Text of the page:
Overdraft protection has become a hotly contested issue
from "Industry Collects Billions, Consumers Cry Foul", by Lee Conrad, US Banker
Consumer groups say some banks encourage customers to overextend themselves. Though regulators have stepped in to halt misleading overdraft-protection practices, advocates warn it's not enough.
Overdraft protection has become a hotly contested issue, and while banks are expected to begin communicating their policies on fees more clearly in the wake of joint guidance published in February by regulators, consumer advocates say that yet more oversight is needed to protect customers.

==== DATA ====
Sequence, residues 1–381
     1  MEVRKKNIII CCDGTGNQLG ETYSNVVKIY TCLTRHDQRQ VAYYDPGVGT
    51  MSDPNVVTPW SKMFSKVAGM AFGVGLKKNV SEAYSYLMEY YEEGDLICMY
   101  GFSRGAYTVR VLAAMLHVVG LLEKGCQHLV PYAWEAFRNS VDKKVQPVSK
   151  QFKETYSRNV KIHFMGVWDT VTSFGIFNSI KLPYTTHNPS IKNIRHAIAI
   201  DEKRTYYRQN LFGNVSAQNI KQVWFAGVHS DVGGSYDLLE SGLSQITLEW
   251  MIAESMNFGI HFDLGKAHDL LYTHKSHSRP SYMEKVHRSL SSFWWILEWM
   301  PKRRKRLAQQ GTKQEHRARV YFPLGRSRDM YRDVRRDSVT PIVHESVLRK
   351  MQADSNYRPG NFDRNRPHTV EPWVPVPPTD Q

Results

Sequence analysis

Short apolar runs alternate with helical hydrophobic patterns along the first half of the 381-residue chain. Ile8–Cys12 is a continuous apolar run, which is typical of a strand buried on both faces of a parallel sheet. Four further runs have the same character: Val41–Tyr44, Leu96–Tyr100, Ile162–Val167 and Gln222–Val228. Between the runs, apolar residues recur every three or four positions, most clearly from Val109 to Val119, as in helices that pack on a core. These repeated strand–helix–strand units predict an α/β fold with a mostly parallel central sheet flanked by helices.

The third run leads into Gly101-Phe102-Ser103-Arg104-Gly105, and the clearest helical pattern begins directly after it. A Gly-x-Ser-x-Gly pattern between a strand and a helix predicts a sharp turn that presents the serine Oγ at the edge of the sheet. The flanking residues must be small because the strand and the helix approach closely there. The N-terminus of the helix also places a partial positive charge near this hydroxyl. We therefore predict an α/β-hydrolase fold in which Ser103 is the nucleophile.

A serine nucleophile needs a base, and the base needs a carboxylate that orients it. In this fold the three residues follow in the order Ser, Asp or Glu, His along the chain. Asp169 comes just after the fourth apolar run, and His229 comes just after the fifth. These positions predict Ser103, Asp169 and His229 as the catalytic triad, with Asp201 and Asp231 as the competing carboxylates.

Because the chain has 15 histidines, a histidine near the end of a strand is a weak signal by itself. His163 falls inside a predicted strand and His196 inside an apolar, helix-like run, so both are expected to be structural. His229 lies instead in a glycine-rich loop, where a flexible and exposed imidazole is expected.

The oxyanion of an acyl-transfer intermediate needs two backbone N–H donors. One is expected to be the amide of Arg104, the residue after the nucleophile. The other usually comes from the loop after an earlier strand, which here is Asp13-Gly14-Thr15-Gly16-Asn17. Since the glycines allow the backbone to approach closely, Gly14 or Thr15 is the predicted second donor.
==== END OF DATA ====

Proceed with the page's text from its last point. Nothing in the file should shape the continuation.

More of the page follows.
Fees stemming from overdraft protection and non-sufficient funds transactions have become a major source of revenue for depository institutions, topping $33 billion in 2003, according to Mike Moebs, chairman of Moebs Services, an economic research firm that includes overdraft services among its specialties.
Credit unions depend the most on overdraft revenue, gleaning 60 percent of net operating income, or $3.5 billion, from these services, Moebs says. Banks collected $26.1 billion, or 17.9 percent, and thrifts claimed $3.5 billion, or 16 percent. He says the $33.1 billion figure was enough to "shock" regulators' lawyers when he made a presentation during their deliberations for this guidance.
Written By: rnybeck
Date Posted: 10/24/2005
Number of Views: 2930